My instant response was, no. I was not a fan of Dr Williams. In fact, I regarded him as an arrogant and authoritarian Prime Minister, added to which, as I told Mr Demas, he had two of my personal friends, the late Adrian Espinet and Syl Lowhar, both of the Tapia House movement, then detained on offshore Nelson Island along with other key leaders of the Black Power movement.
Mr Demas waved aside this concern and strongly suggested I seriously consider the job offer.
I didn’t. In fact, I dismissed it completely as soon as I left my meeting with him. But a few days later I got another call at the “Guardian”, this time from Dr Williams himself, asking me to come and see him at his Whitehall office at two that afternoon. I didn’t think I had much choice. So off I went, steeling myself to resist the job offer to his face.
But for the hour or so of that first meeting with Dr Williams there was no mention of any job offer. Dr Williams simply talked at length about a wide range of issues, referring to the dangers posed by the Black Power upheaval, which he had shut down on April 21, 1970 with a state of emergency after 55 days of daily and growing street protests, and pointing to the violent Haitian Revolution he told me: “You don’t know what you were playing with.”
I left that meeting puzzled. And my puzzlement would only deepen when over the next few weeks Dr Williams would twice summon me to meet with him again at his Whitehall office to ramble on endlessly about the difficulties he faced in trying to govern what he described as “an unruly society”. On that third, and final, occasion there was another person present: the veteran newspaperman George John, now deceased, whom I had first encountered as editor of the short-lived Trinidad Daily Mirror and who, by now, had accepted the job that I had turned down.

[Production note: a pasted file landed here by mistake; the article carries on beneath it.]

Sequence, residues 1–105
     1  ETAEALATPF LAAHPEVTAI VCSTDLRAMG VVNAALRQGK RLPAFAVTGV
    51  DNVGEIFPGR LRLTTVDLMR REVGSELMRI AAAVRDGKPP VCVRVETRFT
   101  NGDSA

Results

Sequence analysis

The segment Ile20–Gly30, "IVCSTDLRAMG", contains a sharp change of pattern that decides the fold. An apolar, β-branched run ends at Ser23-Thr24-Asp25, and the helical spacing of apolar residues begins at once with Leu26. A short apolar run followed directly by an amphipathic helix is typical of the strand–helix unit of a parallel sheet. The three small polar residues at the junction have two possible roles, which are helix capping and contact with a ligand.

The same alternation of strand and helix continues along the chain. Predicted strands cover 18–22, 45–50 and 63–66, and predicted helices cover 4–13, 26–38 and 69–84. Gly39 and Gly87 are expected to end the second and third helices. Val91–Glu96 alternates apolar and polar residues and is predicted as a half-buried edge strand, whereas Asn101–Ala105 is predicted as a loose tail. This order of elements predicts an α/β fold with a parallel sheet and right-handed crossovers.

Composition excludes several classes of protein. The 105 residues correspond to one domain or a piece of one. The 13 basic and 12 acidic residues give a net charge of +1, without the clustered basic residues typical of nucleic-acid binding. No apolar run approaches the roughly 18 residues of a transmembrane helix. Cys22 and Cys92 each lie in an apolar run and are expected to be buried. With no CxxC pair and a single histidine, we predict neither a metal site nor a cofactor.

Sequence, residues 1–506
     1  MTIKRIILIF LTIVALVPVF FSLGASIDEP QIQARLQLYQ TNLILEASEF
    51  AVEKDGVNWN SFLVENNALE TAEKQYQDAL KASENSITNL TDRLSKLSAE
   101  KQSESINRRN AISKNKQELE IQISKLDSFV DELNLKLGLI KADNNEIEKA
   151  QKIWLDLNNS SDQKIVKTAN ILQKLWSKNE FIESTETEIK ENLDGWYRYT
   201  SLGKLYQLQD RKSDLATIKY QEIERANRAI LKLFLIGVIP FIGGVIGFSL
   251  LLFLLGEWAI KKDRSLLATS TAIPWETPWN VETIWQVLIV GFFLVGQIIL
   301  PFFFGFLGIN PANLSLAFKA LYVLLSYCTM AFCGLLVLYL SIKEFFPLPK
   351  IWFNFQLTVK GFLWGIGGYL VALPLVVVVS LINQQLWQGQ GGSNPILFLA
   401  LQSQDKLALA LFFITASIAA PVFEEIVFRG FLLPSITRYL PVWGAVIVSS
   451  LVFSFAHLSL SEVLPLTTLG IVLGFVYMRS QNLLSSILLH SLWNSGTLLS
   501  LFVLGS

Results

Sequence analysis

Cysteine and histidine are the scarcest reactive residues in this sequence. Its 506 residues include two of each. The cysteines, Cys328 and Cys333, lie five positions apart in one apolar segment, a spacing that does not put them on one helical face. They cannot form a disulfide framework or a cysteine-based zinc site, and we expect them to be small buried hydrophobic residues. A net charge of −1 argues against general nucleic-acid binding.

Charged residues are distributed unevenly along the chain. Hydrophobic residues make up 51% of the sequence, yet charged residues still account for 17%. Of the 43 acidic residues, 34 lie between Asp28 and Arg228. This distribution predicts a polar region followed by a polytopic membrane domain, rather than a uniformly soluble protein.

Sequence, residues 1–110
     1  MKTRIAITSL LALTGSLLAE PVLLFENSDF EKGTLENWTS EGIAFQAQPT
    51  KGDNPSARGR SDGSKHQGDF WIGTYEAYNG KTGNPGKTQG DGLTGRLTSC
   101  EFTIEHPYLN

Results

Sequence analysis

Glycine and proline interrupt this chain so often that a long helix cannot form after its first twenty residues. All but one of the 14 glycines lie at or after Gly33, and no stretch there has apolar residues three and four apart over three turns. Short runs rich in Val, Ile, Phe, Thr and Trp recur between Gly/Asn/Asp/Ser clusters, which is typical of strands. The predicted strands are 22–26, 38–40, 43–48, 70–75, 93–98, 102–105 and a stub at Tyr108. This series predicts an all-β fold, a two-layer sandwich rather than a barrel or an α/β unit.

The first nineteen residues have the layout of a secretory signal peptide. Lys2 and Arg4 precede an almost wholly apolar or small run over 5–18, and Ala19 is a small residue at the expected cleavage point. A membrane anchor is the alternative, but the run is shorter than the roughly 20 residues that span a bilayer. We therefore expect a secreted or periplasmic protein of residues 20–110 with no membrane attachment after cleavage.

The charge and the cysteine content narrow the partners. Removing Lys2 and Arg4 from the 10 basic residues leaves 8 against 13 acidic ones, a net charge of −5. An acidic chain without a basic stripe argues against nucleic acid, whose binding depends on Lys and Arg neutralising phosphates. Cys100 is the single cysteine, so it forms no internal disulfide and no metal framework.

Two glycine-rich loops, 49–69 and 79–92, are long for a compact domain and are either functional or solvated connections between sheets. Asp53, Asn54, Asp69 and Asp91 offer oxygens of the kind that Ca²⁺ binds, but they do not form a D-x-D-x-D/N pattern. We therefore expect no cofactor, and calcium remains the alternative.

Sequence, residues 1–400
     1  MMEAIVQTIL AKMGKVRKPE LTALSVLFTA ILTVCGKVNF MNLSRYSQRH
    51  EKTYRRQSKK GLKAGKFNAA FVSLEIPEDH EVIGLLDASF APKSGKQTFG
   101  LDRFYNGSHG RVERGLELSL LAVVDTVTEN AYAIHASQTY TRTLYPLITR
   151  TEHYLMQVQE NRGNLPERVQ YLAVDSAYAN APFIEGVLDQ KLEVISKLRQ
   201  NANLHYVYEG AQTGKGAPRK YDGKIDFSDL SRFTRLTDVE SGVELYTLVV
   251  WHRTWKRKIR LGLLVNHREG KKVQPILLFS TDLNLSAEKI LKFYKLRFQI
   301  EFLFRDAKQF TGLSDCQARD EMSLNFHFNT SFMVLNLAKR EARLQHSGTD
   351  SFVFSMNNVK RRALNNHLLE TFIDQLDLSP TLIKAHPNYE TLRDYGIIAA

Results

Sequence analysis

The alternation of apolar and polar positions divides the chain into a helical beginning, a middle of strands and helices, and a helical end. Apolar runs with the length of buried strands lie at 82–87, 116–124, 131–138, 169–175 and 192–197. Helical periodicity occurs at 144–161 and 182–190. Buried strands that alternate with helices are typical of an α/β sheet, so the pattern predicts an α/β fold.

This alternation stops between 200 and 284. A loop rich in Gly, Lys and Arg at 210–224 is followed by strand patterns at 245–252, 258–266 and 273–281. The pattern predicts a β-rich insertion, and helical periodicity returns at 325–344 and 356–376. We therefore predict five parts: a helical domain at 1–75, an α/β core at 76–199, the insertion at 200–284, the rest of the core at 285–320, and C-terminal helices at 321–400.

By this time I had quit the Guardian to join the Trinidad Express as its political reporter, eventually rising to the post of editor.
But by 1990, now functioning as a freelance journalist, I had taken on the job as a parliamentary reporter for TTT, working closely with then TTT news director Jones P Madeira.
Madeira, myself and the other TTT staff being held hostage by the Muslimeen hugged the floor inside that TV station when on two separate occasions the army and the insurgents exchanged gunfire, with the army eventually employing mortar fire, which struck a wooden annexe at the back of TTT and burnt it to the ground.
Finally convinced they were outnumbered and outgunned, the insurgents -having previously released Prime Minister Robinson- surrendered on August 1, 1990 (Emancipation Day, observed as a public holiday), bringing an end to this nightmare scenario. But all the insurgents were freed when the local courts upheld an amnesty they had been granted by the Government under the gun.
When the Government appealed to the Privy Council in London, the amnesty was declared invalid — because the insurgents had kept making new demands after agreeing to the amnesty. Still. The Privy Council also ruled that four years having elapsed since the insurrection, it would not be in keeping with “due process” to have the perpetrators all re-arrested and tried for their crimes.
So, to this day they remain free. And unrepentant. And the good Lord or Allah alone knows what else might transpire if the right opportune moment presents itself.
Mark my word!